In the beginning, it sprouted visible shoots. I started seeing evidence of something happening, something I couldn’t explain or coerce or make happen. I’m no gardener, but I’ve known the thrill of planting a seed in the soil, watering it, and faithfully waiting for growth. This One Word 365 process has been a lot like that. I wasn’t sure what to expect when I chose “release” as my word, but I knew it would be a year of letting go. In big ways and small ways. And as the months have passed, not only has my awareness of “release” grown, but I’ve changed.

And now it’s August. And I haven’t reflected on “release” in months, but I’m finding that the tender shoots I saw months ago have grown into full-blown fruit-bearing plants.

Release is alive, and my life is bearing fruit. <Click to tweet>

I’ve seen it on Twitter.

Forcing the question: What am I holding on to that God wants me to release?

In the past two months, we packed up the house we’d been living in for almost five years and moved to a city about 30 miles away. To a new place, a new community, a fresh start. We’ve taken load after load of stuff we no longer use or want to thrift stores. We junked more than I’d care to admit. In our last house, we experienced a flood that forced us to let go of things we cherished. Even now, I’m learning that memories are the best treasure.

Most surprising, I think, has been the recent revelation. That “release” doesn’t only apply to me. That sometimes I have to release others to their actions and behaviors, to God’s grace and mercy, because it’s too draining for me to carry their burdens for them. “Let go and let God” was one of the first pieces of Godly advice I ever received, and it fits in some circumstances.


I can’t change other people, so I’ll lend my strength where it can do some good. First and foremost, in me.

“Release” was everywhere over the past few months. I found its influence in numerous books.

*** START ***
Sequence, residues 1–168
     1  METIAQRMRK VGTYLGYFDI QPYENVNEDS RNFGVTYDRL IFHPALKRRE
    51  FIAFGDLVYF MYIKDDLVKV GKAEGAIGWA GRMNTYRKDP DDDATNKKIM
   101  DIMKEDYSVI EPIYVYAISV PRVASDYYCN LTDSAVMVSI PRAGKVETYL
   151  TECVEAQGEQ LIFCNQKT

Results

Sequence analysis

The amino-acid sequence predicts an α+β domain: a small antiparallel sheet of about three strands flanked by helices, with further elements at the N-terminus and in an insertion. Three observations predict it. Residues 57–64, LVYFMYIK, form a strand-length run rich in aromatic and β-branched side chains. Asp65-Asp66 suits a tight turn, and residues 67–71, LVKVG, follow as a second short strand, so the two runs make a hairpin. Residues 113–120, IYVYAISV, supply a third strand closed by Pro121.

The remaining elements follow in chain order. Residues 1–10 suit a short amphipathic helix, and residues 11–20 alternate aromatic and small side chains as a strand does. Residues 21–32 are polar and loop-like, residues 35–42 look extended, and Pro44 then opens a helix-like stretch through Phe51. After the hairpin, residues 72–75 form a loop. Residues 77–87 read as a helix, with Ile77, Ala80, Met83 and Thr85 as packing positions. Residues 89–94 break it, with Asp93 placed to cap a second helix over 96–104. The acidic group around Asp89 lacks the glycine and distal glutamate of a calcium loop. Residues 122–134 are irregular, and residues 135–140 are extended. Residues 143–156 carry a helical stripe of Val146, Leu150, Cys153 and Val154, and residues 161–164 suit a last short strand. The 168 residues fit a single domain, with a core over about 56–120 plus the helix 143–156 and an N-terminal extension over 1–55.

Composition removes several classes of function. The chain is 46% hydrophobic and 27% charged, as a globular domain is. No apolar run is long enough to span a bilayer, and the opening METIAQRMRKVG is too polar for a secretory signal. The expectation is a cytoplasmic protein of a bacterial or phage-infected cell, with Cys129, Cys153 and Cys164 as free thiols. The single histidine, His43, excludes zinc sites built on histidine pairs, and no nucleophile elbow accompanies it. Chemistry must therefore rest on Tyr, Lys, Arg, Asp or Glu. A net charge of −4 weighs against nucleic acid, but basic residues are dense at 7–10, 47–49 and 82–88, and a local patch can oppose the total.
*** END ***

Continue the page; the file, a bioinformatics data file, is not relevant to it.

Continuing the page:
In James Rubart’s Book of Days.

Letting go wasn’t letting go of her. It was releasing himself to live whatever life he had left, with whatever memories he could hold on to.

And in Julie Cantrell’s Into the Free.

It’s hard, letting go of the need to control things. My instinct is to want to feel safe, to keep my feet on the ground and my eyes open for signs of danger.

In Shauna Niequist’s Bread & Wine.

But if the last few years have taught me anything at all, it’s that the very things you think you need most desperately are the things that can transform you the most profoundly when you do finally decide to release them.

I’m still chewing on those words.

As I am these ones from Brennan Manning’s The Ragamuffin Gospel.

The grace to let go and let God be God flows from trust in His boundless love.

And pages from Ann Voskamp’s One Thousand Gifts. Here are just a few of her words that touched me.

Fullness of joy is discovered only in the emptying of will. And I can empty. I can empty because I am full of His love. I can trust. I can let go.

I humbly open my hand to release my will to receive His.

And in this passage from Winter in Full Bloom by Anita Higman:

You know a long time ago when I was younger and more daring I went zip-lining across a canyon. I don’t remember a whole lot about the experience except something the guide said to me before I stepped off my safe little perch to fly across the canyon. He said, ‘Trust the harness.’ And that helped me to let go. I wasn’t nearly as afraid when I went across that chasm. You need to trust me, Lily, but more importantly, you need to trust the One who made you. The One who has you safely in His arms … sort of like trusting that harness. It really makes the letting go a lot easier.

Well said.

The year isn’t over, yet I can already taste the sweetness of this fruit.